January 10: Jirani

This is my second trip to Light of Hope. Already, it is every bit as emotional as my first trip was. In my post last night, I referred to Jesus’ teaching that greatness comes when we welcome the child. I wondered how those words would be lived in the next day. Little did I know that God had a plan that would break the hearts of everyone on our team for what breaks the heart of God.

After lunch, our team was invited into a classroom. The 66 girls, teachers and staff were standing in a circle. We were welcomed into the circle. Then three girls were introduced. That morning, three members of our team accompanied two staff from LOH. There were three girls and a boy ranging in ages 11 to 3 – children raising children. Their mother had died. They were being raised by their grandfather, but he is currently hospitalized and not likely to return. In an emotional morning, the three sisters said goodbye to their three year old brother (LOH only takes girls, leaving the boy under the care of a neighbor boy.), were taken to the hospital to say goodbye to their grandfather, taken to a store to be fitted for a school uniform and their first pair of shoes, and then taken to LOH where they received the first shower of their lives, were given new dresses that you provided, ate lunch, and finally introduced to us all. I tried, but I could not keep my tears from flowing.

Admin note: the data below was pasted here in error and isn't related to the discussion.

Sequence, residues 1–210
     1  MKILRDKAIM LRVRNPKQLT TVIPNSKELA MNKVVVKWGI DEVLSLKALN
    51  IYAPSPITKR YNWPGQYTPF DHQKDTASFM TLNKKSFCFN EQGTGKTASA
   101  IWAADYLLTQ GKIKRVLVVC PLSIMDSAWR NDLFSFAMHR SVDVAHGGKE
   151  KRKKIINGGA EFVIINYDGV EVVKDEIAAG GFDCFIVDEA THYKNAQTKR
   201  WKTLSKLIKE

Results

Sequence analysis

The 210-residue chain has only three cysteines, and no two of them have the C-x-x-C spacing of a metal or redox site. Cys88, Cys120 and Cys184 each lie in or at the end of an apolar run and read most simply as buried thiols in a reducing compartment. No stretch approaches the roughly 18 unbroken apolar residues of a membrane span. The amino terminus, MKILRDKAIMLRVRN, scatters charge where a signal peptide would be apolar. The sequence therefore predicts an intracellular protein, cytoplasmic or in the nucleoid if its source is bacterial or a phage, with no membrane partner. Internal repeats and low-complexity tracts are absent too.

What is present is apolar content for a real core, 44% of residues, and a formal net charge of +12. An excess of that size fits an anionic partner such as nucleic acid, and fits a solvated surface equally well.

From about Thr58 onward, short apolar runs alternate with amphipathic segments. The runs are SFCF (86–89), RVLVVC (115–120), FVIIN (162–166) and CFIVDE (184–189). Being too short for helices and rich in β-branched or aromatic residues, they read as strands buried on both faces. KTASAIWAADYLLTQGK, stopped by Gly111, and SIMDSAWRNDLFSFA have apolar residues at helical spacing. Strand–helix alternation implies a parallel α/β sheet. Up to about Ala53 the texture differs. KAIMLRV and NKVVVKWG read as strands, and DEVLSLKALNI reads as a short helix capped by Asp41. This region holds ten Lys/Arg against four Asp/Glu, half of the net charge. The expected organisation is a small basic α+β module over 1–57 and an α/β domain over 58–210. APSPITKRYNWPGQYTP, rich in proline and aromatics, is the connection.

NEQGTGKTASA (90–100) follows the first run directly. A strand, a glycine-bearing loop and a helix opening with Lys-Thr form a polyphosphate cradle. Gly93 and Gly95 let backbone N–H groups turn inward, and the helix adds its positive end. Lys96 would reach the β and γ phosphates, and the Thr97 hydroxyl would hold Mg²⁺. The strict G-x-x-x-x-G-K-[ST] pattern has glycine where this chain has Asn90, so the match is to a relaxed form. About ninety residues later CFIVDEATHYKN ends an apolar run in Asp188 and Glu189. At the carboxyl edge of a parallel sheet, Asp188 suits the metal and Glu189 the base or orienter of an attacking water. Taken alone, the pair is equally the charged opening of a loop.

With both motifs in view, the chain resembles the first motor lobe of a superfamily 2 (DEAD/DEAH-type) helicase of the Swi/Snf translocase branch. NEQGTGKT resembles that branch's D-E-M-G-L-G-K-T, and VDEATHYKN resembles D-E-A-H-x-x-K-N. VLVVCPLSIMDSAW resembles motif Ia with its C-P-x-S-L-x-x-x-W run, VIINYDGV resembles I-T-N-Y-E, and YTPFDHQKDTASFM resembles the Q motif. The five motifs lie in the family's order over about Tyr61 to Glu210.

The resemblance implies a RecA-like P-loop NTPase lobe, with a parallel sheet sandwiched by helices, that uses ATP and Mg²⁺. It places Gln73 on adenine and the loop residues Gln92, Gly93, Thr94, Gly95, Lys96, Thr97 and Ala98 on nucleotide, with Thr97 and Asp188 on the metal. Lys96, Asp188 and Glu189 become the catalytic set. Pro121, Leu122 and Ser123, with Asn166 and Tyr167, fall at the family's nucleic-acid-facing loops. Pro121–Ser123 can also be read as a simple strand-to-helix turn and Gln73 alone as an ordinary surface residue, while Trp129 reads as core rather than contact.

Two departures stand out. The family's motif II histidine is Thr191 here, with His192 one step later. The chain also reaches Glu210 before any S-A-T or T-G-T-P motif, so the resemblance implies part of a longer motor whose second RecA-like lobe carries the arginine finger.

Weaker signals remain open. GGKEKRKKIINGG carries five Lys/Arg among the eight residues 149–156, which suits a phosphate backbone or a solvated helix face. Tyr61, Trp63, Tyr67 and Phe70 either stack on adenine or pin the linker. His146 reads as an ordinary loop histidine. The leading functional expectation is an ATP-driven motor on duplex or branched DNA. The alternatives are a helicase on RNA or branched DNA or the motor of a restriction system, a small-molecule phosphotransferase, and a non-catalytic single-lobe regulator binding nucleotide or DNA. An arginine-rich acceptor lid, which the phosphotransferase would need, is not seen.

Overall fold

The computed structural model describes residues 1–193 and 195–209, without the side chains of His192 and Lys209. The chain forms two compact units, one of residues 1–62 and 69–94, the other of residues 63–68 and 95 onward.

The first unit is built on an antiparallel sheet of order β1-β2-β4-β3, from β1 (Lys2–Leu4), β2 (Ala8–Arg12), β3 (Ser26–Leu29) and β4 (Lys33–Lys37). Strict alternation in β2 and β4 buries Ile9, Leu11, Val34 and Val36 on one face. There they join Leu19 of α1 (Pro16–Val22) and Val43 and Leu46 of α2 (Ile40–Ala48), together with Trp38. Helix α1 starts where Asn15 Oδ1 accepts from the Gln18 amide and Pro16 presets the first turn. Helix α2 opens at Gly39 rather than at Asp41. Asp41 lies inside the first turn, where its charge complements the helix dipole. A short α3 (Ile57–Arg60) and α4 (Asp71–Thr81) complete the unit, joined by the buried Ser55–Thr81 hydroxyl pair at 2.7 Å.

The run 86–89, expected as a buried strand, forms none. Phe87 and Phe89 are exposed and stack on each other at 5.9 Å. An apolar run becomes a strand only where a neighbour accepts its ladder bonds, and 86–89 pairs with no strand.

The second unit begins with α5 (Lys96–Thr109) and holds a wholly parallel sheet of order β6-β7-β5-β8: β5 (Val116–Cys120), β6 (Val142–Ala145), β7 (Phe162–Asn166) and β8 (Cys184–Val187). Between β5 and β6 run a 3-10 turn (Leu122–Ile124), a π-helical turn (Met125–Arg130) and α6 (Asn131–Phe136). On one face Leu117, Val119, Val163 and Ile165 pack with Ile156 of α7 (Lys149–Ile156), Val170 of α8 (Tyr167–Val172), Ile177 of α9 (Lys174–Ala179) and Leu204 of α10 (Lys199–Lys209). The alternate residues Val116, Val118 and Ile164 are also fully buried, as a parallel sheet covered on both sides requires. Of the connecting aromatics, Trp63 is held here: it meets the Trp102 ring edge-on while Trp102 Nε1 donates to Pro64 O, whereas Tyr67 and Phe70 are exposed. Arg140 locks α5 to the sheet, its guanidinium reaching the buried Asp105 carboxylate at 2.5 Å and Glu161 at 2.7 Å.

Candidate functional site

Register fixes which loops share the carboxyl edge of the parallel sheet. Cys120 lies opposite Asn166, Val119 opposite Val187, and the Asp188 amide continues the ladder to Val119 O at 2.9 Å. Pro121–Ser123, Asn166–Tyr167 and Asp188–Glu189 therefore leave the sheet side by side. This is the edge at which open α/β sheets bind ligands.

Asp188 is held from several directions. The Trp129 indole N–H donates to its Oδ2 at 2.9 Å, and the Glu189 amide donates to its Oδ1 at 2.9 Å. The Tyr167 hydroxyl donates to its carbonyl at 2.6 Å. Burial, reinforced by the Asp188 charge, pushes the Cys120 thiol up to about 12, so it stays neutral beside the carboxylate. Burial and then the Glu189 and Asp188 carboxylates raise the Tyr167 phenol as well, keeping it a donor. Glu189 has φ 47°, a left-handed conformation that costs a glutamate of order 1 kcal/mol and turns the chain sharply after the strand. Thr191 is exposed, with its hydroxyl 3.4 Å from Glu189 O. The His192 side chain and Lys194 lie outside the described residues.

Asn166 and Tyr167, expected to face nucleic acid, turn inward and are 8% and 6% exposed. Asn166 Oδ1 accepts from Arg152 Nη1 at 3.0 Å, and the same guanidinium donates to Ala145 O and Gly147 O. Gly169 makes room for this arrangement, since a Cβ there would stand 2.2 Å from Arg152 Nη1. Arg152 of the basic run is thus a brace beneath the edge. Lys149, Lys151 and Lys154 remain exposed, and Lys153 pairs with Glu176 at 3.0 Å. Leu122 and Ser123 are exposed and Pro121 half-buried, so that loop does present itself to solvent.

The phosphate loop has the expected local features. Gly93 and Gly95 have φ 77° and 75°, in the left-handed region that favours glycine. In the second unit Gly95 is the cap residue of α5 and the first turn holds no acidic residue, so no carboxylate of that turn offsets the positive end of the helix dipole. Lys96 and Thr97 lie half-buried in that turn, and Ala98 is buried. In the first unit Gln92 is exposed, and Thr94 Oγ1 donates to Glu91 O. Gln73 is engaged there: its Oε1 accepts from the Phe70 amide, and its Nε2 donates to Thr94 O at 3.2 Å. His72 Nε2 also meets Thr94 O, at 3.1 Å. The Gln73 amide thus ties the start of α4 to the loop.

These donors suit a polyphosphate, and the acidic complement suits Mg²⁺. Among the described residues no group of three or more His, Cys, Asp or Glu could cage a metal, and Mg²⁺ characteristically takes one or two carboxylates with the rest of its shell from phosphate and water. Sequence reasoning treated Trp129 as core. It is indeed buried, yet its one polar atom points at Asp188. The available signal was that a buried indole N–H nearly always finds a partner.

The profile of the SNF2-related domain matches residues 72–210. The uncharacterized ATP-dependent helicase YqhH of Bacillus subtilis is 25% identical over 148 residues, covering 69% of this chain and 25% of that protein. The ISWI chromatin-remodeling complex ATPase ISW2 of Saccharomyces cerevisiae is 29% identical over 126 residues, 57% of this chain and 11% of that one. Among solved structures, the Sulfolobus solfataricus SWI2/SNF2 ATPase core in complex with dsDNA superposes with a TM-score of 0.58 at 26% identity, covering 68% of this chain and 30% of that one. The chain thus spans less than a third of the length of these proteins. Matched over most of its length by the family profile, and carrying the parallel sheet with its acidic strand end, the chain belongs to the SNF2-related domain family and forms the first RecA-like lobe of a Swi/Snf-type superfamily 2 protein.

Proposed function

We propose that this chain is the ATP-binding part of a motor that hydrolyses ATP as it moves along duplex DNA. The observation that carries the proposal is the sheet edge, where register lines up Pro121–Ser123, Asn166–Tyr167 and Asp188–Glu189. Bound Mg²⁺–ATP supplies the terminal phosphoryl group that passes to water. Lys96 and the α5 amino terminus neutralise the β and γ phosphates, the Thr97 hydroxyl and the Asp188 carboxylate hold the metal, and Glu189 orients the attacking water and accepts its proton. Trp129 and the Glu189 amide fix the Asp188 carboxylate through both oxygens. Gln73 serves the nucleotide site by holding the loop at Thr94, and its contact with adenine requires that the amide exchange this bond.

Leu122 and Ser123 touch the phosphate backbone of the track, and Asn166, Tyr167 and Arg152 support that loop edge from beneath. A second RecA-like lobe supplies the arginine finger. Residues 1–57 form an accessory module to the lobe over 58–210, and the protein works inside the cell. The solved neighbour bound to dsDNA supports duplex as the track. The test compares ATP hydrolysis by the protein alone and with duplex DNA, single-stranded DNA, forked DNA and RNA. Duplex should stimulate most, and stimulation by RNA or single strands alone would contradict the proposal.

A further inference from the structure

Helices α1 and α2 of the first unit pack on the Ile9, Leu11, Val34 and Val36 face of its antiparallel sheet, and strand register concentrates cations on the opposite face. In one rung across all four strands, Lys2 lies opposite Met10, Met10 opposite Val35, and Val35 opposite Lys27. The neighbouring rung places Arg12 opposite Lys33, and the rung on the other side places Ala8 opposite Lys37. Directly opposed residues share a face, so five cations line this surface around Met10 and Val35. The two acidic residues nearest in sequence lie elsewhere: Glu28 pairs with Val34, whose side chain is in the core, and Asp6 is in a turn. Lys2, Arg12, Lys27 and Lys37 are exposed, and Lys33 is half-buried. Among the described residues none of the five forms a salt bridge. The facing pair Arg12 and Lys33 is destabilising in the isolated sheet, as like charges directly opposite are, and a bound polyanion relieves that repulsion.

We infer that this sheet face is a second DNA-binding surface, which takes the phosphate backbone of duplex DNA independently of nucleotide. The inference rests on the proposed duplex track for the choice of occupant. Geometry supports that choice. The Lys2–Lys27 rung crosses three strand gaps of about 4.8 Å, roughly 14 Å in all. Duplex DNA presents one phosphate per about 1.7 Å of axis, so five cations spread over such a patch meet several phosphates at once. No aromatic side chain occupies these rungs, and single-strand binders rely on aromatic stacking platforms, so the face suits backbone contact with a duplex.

Today you welcomed three children and in doing so, you saved the lives of three girls. By the end of the afternoon, all three had been embraced by the other girls. The smiles on these three faces was amazing.

Last Sunday, I preached during worship at LOH. I told the story of the Good Samaritan from Luke 10, where a lawyer asked Jesus, “who is my neighbor?” The swahili word for neighbor is jirani. I told the girls they would have an opportunity to be a jirani. I told the adults that they would have an opportunity to be a jirani. In that gathering after lunch today, I stood in the presence of room filled with jiranis – and I have no doubt that there was much joy in the Kingdom of God.

Today’s readings: Genesis 25-26; Psalm 6; Luke 10

We lead complicated lives. Our interpersonal relationships can be complicated. Our personal health can be complicated. Trying to understand our lives is often difficult. Even seeking to be faithful can be complicated. The priest and the levite were focused on being faithful and believed that stopping to help the wounded person by the side of the road would violate their understanding of what the Law taught them was necessary to be faithful. What does God expect? Love God. Love your neighbor. The more we love God, the more we will love our neighbor. To the extent we are the Jirani, we will live God’s love.

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2 Responses to January 10: Jirani

  1. Linda Seaton says:

    What a blessing to be a part of being, and seeing faith in action.

  2. Rev. Dick says:

    Always welcome the Jirani, never enough, and sometimes we choose not to see, but you did, and the world is a bit better for it.

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